For this early September Wine of the Week, I actually present two wines, both Rieslings, and both over a decade old.

The dry version is Fox Run’s Reserve Riesling 2008 (Seneca Lake, New York AVA). Winemaker Peter Bell only makes a reserve in great vintages for Riesling when the fruit can ripen slowly and fully, to make a classic Finger Lakes dry Riesling. The 2008 vintage was such a classic year.

Tasting Notes: *** Color: medium gold. Nose: petrol and mineral at first, but then ripe, fruity red apple and yellow peach. Palate: forward, juicy ripe apple and peach, matched with brilliant fresh acidity. Vibrant and youthful and a perfect balance of ripe fruit with firm acidity. Alcohol 13%, proving you can ripen Riesling to almost 24 Brix, ferment dry, and still have a perfectly balanced wine that can age. Worth waiting for but could also have been enjoyed young.

For the sweet version, it’s Chateau Grand Traverse Botrytis Riesling 2007, Old Mission Peninsula AVA, Michigan. These grapes were grown in vintage conditions that favored the spread of botrytis mold, which shrivels the grapes and concentrates the remaining sugar and acidity in the remaining juice as well as giving a distinct apricot flavor to the wine. These grapes were picked at 30 Brix (very high) but the wine was fermented to 13.5%, leaving 7.4% residual sugar.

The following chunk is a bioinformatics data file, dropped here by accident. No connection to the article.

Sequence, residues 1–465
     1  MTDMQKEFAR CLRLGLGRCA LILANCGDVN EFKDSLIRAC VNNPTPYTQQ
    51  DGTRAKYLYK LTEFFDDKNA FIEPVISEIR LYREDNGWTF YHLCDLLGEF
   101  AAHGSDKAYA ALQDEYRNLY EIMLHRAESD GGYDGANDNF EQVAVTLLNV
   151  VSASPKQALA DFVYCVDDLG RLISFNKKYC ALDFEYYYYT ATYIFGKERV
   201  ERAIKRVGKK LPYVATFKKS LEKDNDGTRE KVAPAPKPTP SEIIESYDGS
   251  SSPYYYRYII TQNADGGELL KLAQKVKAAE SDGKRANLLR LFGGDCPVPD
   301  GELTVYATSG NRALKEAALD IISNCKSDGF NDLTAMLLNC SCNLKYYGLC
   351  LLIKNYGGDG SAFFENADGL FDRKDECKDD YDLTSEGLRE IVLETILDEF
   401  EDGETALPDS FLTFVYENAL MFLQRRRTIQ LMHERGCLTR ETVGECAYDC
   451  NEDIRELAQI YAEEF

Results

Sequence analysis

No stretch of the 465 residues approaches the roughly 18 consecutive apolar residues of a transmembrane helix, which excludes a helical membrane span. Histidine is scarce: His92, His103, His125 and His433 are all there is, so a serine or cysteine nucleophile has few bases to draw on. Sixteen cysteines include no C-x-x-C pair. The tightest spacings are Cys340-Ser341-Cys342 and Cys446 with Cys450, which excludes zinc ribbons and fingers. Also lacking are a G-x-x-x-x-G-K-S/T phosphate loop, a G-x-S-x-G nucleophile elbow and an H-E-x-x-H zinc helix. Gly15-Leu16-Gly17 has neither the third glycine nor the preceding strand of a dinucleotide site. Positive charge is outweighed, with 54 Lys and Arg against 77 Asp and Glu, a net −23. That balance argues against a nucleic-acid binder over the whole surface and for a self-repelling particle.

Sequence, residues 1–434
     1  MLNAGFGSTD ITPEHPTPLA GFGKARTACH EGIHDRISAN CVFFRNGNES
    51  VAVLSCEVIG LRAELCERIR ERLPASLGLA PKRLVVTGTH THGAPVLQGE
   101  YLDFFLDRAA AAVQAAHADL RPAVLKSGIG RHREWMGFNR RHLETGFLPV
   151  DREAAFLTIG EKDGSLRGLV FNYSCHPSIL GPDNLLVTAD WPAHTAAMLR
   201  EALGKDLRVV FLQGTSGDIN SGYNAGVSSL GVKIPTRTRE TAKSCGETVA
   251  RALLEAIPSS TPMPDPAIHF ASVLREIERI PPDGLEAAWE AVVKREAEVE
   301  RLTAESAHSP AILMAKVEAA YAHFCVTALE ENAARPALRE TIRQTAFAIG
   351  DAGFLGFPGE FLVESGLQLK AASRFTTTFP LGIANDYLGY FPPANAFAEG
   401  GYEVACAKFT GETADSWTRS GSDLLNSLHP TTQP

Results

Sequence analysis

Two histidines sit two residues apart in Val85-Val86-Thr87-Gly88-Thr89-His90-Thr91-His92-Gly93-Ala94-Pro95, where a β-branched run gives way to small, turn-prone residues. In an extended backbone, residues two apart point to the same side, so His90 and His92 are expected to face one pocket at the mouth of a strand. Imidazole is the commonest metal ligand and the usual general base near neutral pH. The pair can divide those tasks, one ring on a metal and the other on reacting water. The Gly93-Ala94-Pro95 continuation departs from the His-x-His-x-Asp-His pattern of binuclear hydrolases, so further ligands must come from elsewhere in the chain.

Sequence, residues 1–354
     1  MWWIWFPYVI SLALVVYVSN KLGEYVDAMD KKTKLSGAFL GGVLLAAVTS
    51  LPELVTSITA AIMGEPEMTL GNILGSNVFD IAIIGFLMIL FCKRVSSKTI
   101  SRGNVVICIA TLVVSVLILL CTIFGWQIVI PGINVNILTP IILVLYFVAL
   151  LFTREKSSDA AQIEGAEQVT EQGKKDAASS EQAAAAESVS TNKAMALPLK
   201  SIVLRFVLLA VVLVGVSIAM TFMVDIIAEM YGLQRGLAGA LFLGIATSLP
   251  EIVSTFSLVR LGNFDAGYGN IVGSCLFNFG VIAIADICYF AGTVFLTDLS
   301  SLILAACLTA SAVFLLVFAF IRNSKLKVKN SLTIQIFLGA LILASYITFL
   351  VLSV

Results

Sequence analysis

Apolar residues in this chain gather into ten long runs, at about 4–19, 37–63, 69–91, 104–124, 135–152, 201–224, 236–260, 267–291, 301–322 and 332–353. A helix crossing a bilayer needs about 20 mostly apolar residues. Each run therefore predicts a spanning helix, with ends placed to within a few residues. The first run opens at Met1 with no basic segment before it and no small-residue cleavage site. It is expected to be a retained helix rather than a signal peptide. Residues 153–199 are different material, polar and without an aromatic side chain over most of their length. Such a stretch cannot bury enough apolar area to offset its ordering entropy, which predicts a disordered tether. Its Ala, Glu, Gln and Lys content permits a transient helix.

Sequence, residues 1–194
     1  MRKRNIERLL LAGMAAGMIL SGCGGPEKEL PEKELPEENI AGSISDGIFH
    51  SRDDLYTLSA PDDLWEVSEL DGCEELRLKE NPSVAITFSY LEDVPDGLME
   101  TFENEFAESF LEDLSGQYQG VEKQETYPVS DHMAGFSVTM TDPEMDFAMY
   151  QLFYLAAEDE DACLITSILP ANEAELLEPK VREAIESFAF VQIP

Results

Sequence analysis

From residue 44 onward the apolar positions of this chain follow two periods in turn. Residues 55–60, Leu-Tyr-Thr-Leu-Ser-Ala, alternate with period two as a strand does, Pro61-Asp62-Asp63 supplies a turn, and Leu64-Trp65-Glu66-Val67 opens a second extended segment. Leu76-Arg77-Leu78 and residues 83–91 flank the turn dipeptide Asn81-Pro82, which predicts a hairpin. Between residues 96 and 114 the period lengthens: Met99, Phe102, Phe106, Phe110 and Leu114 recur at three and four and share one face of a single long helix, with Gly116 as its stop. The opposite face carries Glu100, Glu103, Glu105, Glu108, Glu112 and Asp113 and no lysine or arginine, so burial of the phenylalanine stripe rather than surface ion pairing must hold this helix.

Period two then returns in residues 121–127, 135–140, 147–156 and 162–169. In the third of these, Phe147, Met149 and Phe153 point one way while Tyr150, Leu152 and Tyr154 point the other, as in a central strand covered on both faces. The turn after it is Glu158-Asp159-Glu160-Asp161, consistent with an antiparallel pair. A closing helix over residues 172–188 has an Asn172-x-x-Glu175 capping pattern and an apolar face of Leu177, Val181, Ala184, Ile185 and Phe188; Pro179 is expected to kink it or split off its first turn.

Tasting Notes: *** Color: medium gold. Nose: vivid dried apricots. Palate: first, dried apricots, then ripe, juicy/bursting yellow peach, then, vivid balancing acidity, with a fresh finish. As with the Fox Run Reserve, the decision to ferment to 13.5% alcohol gave a balanced wine. This has intensity of fruit balanced with acidity, but the higher alcohol means a reasonable residual sugar level that you can match with a pear tart (as I did) or with a ripe cheese, and at 12 years of age, everything is in balance. Nice glycerol viscosity on the palate but acidity balances; resembles a Tokaij Aszu in texture.

As I have written before, older Rieslings from classic cool climate regions (northern Michigan and Finger Lakes both qualify), if well-cellared, will taste best in the first two years, or after 10 years, due to complex chemical reasons that have been documented but which I decline to elaborate on (biochemistry geeks: see “free vs. bound volatile terpenes”).

*** rating = Outstanding